I hope that the Minister will be able to take up the challenge and put in place a satisfactory, supportive and independent body which has time to help patients and advise managers on the needs of their communities. The present forums, as stated in the statutory instruments, do not seem satisfactory, as stated by your Lordships tonight. The criticism of CHCs was that they did not have enough teeth: these forums seem to have none.

8.6 p.m.

Lord Harris of Haringey: My Lords, I should declare an interest as a former director of the Association of Community Health Councils. However, on this occasion I have not had the benefit of sight of the interesting review and survey carried out by the association. None the less, that will not stop me commenting on the regulations.

I am grateful to the noble Earl, Lord Howe, for his commitment not to divide the House on these regulations because we must get on with establishing patients' forums. If the Prayer were to succeed, the consequence would be even more confusion, even more of a hiatus and even more of a gap than might otherwise be the case. Nevertheless, it is valuable to have an opportunity to discuss and debate some of the rather interesting issues that appear to be in the regulations.

I speak as someone who is not a lawyer, something of which I am inordinately proud. As a lay person, it seems that there are a number of issues in the regulations that it would be helpful for the Minister to clarify.

In SI 2123 on membership and procedure, for example, Regulation 2(4)(b) on membership seems to suggest that the commission may decide that all kinds of other bodies might be represented on the patients' forum. That could be very helpful, but it would be interesting to be given some sense of what Ministers have in mind here. It is self-evident that local authorities or parish councils within the area of a PCT are bodies that represent members of the public. Perhaps they might have a representative on the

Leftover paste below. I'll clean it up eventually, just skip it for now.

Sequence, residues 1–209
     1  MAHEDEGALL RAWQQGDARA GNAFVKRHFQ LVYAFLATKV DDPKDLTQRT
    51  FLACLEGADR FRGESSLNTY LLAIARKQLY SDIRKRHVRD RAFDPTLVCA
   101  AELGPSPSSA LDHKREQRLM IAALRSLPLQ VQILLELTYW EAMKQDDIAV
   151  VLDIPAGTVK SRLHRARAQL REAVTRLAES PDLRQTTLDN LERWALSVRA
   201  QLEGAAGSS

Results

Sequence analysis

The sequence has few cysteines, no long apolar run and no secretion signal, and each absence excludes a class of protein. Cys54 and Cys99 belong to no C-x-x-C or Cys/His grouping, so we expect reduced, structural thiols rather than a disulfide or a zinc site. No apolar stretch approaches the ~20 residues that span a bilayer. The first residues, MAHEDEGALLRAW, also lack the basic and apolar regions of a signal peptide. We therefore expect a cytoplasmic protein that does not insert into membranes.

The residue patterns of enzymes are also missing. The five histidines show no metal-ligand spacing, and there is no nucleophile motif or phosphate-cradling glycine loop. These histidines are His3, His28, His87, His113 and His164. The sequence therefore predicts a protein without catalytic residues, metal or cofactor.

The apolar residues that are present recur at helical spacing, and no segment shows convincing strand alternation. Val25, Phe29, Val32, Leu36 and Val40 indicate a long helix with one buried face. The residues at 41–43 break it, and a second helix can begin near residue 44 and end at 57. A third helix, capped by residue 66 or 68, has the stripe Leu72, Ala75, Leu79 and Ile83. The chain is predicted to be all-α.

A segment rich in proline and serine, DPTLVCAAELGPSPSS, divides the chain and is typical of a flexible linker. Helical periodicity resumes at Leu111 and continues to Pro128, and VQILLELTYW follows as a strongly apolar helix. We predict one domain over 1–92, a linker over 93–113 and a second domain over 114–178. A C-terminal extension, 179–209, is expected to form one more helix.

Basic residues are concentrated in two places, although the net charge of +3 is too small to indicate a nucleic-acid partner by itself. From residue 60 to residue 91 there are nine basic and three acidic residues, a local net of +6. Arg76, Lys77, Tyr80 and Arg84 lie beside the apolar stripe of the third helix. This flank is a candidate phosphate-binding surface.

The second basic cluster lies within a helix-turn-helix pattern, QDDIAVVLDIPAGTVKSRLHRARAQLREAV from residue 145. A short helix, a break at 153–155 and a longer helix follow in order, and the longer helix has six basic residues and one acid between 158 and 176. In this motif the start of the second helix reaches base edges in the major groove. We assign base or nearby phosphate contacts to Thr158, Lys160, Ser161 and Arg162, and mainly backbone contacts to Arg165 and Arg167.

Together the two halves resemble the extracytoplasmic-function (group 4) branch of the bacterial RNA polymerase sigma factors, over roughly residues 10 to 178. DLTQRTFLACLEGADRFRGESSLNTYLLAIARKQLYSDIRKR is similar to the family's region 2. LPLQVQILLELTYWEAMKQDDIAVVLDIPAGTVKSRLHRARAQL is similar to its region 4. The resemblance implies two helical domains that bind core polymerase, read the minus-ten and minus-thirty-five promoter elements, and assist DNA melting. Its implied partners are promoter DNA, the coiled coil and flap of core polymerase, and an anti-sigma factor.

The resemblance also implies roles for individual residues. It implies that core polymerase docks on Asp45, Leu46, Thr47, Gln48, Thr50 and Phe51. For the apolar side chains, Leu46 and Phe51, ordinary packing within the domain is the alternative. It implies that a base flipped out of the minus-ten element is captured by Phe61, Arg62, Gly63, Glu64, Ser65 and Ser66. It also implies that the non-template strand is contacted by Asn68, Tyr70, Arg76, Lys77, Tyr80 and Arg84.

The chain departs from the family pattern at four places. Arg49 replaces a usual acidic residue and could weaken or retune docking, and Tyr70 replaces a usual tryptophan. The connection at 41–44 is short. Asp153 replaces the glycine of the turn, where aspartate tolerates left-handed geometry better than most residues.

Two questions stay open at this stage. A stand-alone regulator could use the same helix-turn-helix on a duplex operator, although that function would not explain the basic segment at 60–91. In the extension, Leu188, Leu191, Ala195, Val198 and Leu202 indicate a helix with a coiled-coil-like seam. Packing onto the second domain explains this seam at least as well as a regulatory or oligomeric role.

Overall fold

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forum. It could even be argued that Members of Parliament represent the people in the area and therefore might be allowed to send a member of their staff to become a member of the patients' forum. That is an interesting concept, but I am not sure whether it is quite what was in mind. Local neighbourhood watch schemes may even seek representation. What exactly does this part of the regulations intend to achieve?

I turn to Regulation 10(5). The noble Lord, Lord Clement-Jones, drew attention to some of the issues surrounding meetings and proceedings. However, this regulation provides that the only meetings which must be held in public are those dealing with the items set out in paragraph (4). The much-maligned community health councils were subject to access to information provisions and there was a presumption that all meetings would take place in public. Given that such a body is considering the services being provided for local people, it is an important provision. I am not sure what is to be gained by allowing this potential restriction.

Regulation 8(1) and (2) address the central questions of funding and resources. I would welcome a clear statement from the Minister that Regulation 8(2) would apply even if staff are associated with supporting a patients' forum only on a part-time basis. Do they then come under the direction of the members? What will define the point at which they would stop being under the direction of the members and under the direction of someone else?

Regulation 2 of Statutory Instrument 2124 covers functions. I suspect that those lawyers drafting these regulations may have raised a number of issues which they did not intend—or perhaps they did intend to do so, in which case the aim may have been to make the job of the new patients' forums almost impossible to complete. Regulation 2(2), for example, states:

    "Where an NHS trust provides services under arrangements made by more than one Primary Care Trust, the Patients' Forums established . . . shall co-operate".